Skip to main content

REVIEW article

Front. Oncol., 17 November 2021
Sec. Hematologic Malignancies
https://doi.org/10.3389/fonc.2021.722507

Atypical Chronic Myelogenous Leukemia, BCR-ABL1 Negative: Diagnostic Criteria and Treatment Approaches

  • First Department of Internal Medicine, Laikon General Hospital, National and Kapodistrian University of Athens, Athens, Greece

Atypical chronic myelogenous leukemia (aCML), BCR/ABL1 negative is a rare myelodysplastic/myeloproliferative neoplasm, usually manifested with hyperleukocytosis without monocytosis or basophilia, organomegaly, and marked dysgranulopoiesis. In this review, we will discuss the classification and diagnostic criteria of aCML, as these have been formulated during the past 30 years, with a focus on the recent advances in the molecular characterization of the disease. Although this entity does not have a definitive molecular profile, its molecular characterization has contributed to a better understanding and more accurate classification and diagnosis of aCML. At the same time, it has facilitated the identification of adverse prognostic factors and the stratification of patients according to their risk for leukemic transformation. What is more, the molecular characterization of the disease has expanded our therapeutic choices, thoroughly presented and analyzed in this review article.

Introduction

Atypical chronic myelogenous leukemia (aCML), BCR/ABL1 negative is a rare disorder classified into the category of myelodysplastic/myeloproliferative neoplasms (MDS/MPN), according to the 2016 revision of the World Health organization (WHO) classification of myeloid neoplasms and acute leukemia (1). It is, by definition, a BCR-ABL1-negative clonal disorder sharing myelodysplastic and myeloproliferative features. Due to its rarity, the diagnostic criteria for aCML have been changing since its first description while there are no established standards of care for patients with this condition; hence we will focus on the diagnostic criteria of the disease, new molecular characteristics that have emerged during the last few years, some of which have already been incorporated in the latest diagnostic criteria of the WHO, the proposed risk stratification systems, and the available treatment approaches for aCML.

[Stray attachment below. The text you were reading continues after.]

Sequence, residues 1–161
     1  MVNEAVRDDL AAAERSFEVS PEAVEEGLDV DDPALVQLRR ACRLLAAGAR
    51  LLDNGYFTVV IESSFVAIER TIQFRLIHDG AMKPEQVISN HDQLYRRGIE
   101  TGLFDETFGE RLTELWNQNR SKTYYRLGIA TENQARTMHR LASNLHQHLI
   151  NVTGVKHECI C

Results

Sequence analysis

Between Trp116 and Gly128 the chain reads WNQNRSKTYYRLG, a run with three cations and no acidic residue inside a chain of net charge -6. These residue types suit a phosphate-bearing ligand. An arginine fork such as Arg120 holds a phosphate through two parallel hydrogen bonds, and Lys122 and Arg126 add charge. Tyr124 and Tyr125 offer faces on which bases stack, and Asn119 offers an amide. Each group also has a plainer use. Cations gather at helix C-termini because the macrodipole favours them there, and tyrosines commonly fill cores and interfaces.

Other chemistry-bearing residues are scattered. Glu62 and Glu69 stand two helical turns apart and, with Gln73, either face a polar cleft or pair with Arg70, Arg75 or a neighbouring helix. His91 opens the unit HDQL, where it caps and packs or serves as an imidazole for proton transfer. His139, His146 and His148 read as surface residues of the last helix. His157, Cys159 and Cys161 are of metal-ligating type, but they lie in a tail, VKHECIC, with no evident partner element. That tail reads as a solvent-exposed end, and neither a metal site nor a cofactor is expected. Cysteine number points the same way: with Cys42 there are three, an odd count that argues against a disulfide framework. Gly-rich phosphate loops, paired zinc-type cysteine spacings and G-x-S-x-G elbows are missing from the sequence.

Epidemiology, Clinical and Laboratory Characteristics

The incidence of aCML is low, a fact leading to limited knowledge about this disease entity. Its true incidence is largely unknown, since it is usually estimated in comparison to that of (BCR-ABL1-positive) CML at about one to two cases per 100 cases of CML (2). The cases reported so far concern adults. Patients usually present in the seventh or eighth decade of life and there is an apparent male predominance (1:1 to 4:1 in several case series).

The patients usually present with organomegaly and hyperleukocytosis. Splenomegaly has been reported in 50% to 75% of the patients while in one patient series, hepatomegaly has been reported to be present in 49% of the patients. The median white blood cell (WBC) count at presentation has been reported to fluctuate between 23x109/L to 97x109/L in several case series. The patients are usually moderately to severely anemic [median hemoglobin (Hb) level, 8.6 g/dL to 11.7 g/dL], while about two thirds of them are transfusion dependent. The platelet count may be decreased or normal but can also be found increased in several cases (3). Monocyte and basophile counts are usually within normal range while immature myeloid precursors (promyelocytes, myelocytes, metamyelocytes) are usually present in the peripheral blood smear (10% to 20%), but peripheral blasts are generally absent or low. The neutrophils are highly dysplastic in most cases with typical pseudo-Pelger-Huet changes and hypogranularity of the cytoplasm while dyserythropoiesis and dysmegakaryopoiesis may also be present (3). The bone marrow is hypercellular, with an increased myeloid-to-erythroid ratio (usually up to 10:1) while marrow fibrosis may be present. By definition, blood or bone marrow blasts are less than 20%..

Classification and Diagnostic Criteria